The Advancing Targeted Therapies for Rare Diseases Act of 2015 (S. 2030) was introduced in the Senate on Tuesday by U.S. Senators Michael Bennet (D-CO), Richard Burr (R-NC), Elizabeth Warren (D-MA), and Orrin Hatch (R-UT). The legislation would affirm the FDA's authority to allow drug and device makers "to use their own data supporting the approval of a targeted therapy to help facilitate additional targeted therapies to treat patients with the same rare disease," according to Senate sponsors.
The bill is supported by multiple patient/disease advocacy organizations like Parent Project Muscular Dystrophy, the Muscular Dystrophy Association, the Duchenne Alliance and the National Organization for Rare Disorders (NORD).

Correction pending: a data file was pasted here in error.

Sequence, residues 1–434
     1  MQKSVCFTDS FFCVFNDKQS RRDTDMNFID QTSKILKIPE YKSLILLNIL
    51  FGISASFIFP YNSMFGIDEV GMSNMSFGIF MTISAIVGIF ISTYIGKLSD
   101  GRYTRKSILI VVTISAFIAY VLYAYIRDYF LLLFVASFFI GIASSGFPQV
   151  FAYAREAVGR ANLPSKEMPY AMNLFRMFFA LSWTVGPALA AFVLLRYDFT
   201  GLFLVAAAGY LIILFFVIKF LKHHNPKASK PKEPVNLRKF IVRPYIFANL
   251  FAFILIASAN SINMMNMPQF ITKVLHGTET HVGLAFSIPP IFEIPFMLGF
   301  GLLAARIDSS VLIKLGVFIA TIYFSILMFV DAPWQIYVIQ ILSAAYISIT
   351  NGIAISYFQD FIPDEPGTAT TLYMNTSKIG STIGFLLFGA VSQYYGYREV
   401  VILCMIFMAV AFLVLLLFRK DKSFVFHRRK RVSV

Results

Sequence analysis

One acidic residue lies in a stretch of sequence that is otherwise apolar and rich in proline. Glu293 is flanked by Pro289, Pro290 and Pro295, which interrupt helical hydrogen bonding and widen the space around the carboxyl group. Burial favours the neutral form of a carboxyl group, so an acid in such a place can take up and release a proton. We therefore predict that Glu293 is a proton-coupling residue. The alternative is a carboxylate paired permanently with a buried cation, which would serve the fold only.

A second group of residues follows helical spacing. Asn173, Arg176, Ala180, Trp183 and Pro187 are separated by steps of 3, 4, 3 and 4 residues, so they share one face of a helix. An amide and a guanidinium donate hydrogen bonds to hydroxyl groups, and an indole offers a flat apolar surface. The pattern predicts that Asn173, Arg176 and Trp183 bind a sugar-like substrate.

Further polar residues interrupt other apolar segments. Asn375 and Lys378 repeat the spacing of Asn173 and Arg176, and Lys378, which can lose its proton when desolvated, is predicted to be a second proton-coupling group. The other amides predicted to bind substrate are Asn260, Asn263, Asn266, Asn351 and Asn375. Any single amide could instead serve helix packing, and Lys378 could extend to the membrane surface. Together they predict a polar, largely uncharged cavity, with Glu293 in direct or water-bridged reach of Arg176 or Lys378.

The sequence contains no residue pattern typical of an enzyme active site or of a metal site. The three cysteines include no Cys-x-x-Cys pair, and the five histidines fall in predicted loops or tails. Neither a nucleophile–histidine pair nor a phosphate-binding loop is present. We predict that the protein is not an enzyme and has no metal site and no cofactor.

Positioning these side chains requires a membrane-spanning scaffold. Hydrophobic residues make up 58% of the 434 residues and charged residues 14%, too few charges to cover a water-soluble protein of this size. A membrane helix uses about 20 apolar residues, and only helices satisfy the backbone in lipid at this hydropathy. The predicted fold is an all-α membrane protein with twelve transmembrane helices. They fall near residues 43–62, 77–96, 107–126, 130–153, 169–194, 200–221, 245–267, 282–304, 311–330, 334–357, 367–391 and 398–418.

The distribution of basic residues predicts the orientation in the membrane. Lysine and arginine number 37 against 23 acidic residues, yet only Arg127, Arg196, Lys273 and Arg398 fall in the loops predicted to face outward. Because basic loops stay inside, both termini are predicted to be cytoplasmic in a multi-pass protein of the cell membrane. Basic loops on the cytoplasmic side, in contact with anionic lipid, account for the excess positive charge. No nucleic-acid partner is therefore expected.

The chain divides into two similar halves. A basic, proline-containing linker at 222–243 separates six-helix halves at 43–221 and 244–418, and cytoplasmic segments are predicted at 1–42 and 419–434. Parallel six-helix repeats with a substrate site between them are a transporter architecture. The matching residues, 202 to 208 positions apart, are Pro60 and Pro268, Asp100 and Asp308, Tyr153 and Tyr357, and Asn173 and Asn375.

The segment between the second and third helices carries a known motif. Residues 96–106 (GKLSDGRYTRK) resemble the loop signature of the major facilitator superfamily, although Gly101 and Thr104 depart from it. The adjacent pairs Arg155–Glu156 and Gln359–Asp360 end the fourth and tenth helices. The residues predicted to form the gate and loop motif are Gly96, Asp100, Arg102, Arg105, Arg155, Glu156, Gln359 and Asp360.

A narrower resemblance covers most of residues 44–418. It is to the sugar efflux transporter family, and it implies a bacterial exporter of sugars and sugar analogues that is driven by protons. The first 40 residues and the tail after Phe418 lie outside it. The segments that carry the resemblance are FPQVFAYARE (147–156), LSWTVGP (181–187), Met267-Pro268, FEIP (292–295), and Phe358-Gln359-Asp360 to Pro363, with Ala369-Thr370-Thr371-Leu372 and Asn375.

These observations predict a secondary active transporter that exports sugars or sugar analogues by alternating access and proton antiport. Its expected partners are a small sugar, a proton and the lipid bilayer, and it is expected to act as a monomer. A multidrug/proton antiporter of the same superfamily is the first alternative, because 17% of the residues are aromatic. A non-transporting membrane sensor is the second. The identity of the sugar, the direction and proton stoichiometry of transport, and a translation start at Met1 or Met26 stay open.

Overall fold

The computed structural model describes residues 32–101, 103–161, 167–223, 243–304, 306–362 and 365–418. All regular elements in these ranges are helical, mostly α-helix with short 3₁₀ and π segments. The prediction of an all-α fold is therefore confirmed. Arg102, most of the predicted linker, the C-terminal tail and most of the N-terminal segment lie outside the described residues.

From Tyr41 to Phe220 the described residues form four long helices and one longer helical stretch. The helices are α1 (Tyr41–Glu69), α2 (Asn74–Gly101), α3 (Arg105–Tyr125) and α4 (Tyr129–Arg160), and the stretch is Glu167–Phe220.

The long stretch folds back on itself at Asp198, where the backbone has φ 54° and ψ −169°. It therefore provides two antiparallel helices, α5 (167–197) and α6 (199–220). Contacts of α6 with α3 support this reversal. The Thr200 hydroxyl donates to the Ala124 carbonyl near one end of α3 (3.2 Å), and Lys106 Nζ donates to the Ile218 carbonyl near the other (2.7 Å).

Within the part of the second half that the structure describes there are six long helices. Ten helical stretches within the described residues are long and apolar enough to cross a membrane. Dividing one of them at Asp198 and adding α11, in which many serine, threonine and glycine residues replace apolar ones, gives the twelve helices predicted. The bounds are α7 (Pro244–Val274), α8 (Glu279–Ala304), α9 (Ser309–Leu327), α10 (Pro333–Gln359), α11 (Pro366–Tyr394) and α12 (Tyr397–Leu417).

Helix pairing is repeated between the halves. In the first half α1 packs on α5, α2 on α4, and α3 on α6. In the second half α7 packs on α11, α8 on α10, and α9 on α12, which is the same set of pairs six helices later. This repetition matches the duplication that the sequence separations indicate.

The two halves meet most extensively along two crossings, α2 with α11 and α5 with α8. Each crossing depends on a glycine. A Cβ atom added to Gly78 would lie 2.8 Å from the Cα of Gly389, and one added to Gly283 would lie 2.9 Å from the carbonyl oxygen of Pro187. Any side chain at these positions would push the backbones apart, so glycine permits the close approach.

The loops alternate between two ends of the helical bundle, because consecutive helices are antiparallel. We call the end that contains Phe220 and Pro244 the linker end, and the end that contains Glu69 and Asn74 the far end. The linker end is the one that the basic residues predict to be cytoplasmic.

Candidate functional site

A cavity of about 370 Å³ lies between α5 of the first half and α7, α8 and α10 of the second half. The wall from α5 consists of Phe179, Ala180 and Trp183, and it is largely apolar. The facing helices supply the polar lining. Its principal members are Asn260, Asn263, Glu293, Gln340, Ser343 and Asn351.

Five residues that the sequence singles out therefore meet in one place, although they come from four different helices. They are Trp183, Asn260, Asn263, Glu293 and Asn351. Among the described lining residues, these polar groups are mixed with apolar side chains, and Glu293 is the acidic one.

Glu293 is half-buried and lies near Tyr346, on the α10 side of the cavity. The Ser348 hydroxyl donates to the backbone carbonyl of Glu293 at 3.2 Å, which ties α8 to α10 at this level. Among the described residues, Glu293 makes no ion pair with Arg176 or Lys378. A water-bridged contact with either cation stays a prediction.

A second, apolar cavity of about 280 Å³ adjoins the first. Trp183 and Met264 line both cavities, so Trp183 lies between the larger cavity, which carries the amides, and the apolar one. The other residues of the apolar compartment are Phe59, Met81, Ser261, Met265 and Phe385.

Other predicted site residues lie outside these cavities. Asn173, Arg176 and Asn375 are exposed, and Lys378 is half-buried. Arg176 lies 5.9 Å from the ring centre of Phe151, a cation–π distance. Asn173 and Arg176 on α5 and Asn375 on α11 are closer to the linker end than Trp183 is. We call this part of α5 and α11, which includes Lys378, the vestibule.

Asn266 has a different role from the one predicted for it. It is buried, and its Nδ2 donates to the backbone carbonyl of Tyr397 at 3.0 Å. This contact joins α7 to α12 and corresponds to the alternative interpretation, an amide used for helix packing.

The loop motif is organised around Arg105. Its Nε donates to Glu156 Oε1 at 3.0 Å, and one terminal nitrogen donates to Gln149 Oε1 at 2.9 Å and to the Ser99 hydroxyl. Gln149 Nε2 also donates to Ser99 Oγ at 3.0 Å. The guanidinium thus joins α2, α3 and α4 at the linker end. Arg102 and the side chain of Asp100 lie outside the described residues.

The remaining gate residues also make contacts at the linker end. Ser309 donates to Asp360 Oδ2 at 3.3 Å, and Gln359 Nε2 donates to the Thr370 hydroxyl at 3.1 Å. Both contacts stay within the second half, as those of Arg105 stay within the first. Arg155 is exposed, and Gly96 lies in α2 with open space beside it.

The FDA Office of Orphan Products Development (OOPD) currently incentivizes the development of products for rare diseases by offering orphan status to drugs and biologics intended to treat diseases/disorders that affect fewer than 200,000 people in the US. With that comes with seven years of marketing exclusivity during which time the product is shielded from generic competition, as well as tax credits, grants and user fee waivers.
It is unclear how exactly the bill will aid in the development of targeted rare disease treatments. The proposed legislation does not seek to change FDA's current approval standards. Its likelihood of passage may be slim given a lack of specifics on how exactly the bill would help speed the development of rare disease treatments.